1. Republicans just can't seem to get a handle on the science thing.
Here's state Rep. Ed Orcutt's (R-20, Kalama) now legendary email defending the bike tax proposal on the grounds that "bicyclists are actually polluting when they ride" :
Erica addressed the myth that bikers don't pay their fair share here, starting with the fact that bikers, in fact, do pay taxes for roads.
Perhaps, like a model Republican, Orcutt was just trying sound like former President Ronald Reagan, who infamously claimed back in 1981 that trees caused more pollution than cars.
UPDDATE: The Seattle Times reports that Rep. Orcutt issued an apology today for the bizarre riff about how bike riding causues pollution, but he thinks the bike tax is worth considering to pay for bike infrastructure.
2. Metro general manager Kevin Desmond has spent the last few weeks doing a kind of road show—trying to warn legislators and the public about what will happen if the temporary $20 fee that saved Metro service in 2011 expires without anything to replace it. The short version: Automatic service cuts of around 17 percent, the equivalent of all Metro's weekend service.
Last Friday, Desmond took his show to the Transportation Choices Coalition's monthly forum. The highlights:
"We won't be robbing Peter to pay Paul; we'll just be robbing Peter"—Kevin Desmond, General Manager, King County MetroMetro has been able to avoid major cuts (and even worse overcrowding, since ridership is up overall) so far by eliminating things like night service on little-used routes and moving those service hours to more popular areas. "We're basically robbing Peter to pay Paul," Desmond said. The question for Metro is, "do you just disenfranchise some people … to keep quality service on your productive routes … or do you just sort of cut it across the board?"
Metro has also cut back on drivers' recovery (or break) time, reduced their reserves, and all but abandoned their capital program, Desmond said. "There ain't no more money at Metro for building things."
Starting next year, Desmond said, if the legislature doesn't give King County the ability to fund Metro, the agency will be $75 million in the red—$60 million in service hours, and $15 million for buses. "We won't be robbing Peter to pay Paul; we'll just be robbing Peter … The tragedy of it is that a lot of people are just going to give up on transit."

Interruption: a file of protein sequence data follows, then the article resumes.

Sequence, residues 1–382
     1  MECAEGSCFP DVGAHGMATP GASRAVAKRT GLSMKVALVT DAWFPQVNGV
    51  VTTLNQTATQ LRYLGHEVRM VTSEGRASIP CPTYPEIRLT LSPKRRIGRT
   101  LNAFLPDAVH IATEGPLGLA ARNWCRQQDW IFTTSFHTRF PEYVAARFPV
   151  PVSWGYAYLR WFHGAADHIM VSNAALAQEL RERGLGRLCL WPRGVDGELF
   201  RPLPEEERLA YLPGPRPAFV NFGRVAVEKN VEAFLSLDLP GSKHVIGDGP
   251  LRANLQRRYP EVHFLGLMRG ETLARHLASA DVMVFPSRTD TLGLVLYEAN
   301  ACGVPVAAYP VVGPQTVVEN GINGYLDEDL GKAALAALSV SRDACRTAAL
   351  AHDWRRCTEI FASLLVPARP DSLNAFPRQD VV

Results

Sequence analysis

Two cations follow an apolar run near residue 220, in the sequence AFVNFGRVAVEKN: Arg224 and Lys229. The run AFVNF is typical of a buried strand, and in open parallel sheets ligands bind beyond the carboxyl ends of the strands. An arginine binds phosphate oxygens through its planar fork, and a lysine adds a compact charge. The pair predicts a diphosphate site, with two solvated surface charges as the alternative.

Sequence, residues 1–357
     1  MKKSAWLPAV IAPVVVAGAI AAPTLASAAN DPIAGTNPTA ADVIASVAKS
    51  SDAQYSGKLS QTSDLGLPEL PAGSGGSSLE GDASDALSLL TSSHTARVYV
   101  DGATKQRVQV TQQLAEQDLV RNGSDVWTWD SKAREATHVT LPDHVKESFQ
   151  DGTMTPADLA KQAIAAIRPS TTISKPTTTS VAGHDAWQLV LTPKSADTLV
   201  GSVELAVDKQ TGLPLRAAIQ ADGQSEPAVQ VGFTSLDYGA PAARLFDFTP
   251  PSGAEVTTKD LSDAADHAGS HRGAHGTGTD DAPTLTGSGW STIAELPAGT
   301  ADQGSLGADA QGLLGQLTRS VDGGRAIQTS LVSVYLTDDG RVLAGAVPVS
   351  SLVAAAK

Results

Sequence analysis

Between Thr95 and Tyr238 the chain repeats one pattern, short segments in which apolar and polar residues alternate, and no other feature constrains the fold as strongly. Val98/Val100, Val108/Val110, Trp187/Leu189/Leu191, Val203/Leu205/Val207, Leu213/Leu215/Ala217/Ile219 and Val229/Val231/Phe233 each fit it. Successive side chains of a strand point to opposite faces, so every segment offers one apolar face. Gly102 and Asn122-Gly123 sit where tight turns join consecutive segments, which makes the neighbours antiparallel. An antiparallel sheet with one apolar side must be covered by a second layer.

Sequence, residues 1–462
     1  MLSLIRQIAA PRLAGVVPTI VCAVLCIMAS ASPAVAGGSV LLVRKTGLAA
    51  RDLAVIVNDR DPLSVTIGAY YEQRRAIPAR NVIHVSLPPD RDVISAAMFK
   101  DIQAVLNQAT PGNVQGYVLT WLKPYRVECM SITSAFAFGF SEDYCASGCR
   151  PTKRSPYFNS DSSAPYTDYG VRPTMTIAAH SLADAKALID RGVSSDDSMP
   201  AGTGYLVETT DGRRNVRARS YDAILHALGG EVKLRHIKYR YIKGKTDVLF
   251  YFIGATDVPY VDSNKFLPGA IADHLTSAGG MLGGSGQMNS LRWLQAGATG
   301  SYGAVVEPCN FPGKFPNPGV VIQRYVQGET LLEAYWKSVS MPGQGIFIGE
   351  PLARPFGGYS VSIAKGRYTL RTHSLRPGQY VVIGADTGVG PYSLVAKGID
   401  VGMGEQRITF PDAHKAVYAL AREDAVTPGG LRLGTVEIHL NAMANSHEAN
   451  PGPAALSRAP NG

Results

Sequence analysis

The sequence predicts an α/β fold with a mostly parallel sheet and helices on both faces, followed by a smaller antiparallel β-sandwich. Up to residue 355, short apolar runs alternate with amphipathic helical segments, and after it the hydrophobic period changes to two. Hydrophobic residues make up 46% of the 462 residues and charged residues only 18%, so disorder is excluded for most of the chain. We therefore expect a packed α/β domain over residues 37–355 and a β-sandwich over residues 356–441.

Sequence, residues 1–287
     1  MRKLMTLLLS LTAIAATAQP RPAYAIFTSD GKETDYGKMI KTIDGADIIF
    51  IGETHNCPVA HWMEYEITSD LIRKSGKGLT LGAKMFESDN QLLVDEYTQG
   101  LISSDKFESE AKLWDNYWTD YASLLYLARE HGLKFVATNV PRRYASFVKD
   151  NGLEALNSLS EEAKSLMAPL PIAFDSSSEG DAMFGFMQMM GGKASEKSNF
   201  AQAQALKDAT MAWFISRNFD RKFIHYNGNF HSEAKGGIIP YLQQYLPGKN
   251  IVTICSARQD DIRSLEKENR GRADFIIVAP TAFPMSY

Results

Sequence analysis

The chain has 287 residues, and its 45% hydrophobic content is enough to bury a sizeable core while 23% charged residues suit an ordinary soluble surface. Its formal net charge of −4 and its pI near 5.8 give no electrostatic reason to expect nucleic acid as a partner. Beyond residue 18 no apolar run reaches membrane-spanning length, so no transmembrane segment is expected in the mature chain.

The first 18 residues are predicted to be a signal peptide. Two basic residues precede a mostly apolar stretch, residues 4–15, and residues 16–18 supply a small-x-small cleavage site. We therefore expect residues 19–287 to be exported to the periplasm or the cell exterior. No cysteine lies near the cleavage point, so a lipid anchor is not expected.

Asked whether he's optimistic that the legislature will approve new Metro funding (a proposal by house transportation chair Judy Clibborn would give King County the ability to pass a new motor vehicle excise tax and a $40 vehicle license fee, and to put a gas tax on the ballot), Desmond said, "I run a transit system. I'm not a political prognosticator.
"It's a tough environment Olympia," where the senate is dominated by Republicans and transportation is competing for funds with education in the wake of the McCleary decision. "But people do sometimes pull rabbits out of the hat at the end of the session."
3. Democrats have been pretty antagonistic to supermajority rules lately—suing to have the state legislature's two-thirds-to-raise-taxes rule thrown out and whining about filibusters in the U.S. Senate.
Now, it turns out, they're mad about it because Democratic leaders themselves used a supermajority threshold to block a vote on rules changes to make the King County Democrats' candidate endorsements more accountable and transparent to the local districts.
At a meeting of the King County Democrats Central Committee last week, bylaw amendments to the endorsement process—such as a requirement that the endorsements committee contain at least one member from each legislative district, that the districts have input in who that member is, and allowing the endorsement interviews to be videotaped—were tabled by leadership because they fell four votes short of a 2/3rds vote to consider the question.
Calling it a "filibuster," and arguing that the 2/3rds requirement was "ridiculous," Endorsement Committee Chair Michael Maddux, who supports the changes, sent an angry email to district chairs this weekend saying, "I hope that the dilatory tactics that were engaged in last Tuesday will be left aside, and that those who don't want protections for the Districts will at least allow a vote at the March meeting."
4. Republican King County Council Member Reagan Dunn, who recently lost a bid for higher office—he lost last year's Washington State Attorney General race to Democrat Bob Ferguson—will now have to fight to hold on to his council seat.
Dunn, who represents the 9th District—which stretches from Bellevue southeast through Kent to Covington and Black Diamond—is being challenged by Democrat Shari Song, a Bellevue real estate broker and longtime leader of the local Korean business and civic community; she's served as a board member of the Korean American Chamber of Commerce.